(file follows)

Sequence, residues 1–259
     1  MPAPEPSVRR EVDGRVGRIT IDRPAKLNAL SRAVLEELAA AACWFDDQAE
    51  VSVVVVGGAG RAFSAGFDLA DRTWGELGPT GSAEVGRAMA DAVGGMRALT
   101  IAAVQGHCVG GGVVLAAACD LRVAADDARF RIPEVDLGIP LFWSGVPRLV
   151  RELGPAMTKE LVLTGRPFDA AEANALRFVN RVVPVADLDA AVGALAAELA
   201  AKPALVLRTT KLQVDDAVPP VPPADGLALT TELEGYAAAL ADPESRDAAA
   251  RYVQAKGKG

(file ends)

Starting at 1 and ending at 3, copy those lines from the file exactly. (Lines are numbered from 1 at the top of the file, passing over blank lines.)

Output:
Sequence, residues 1–259
     1  MPAPEPSVRR EVDGRVGRIT IDRPAKLNAL SRAVLEELAA AACWFDDQAE
    51  VSVVVVGGAG RAFSAGFDLA DRTWGELGPT GSAEVGRAMA DAVGGMRALT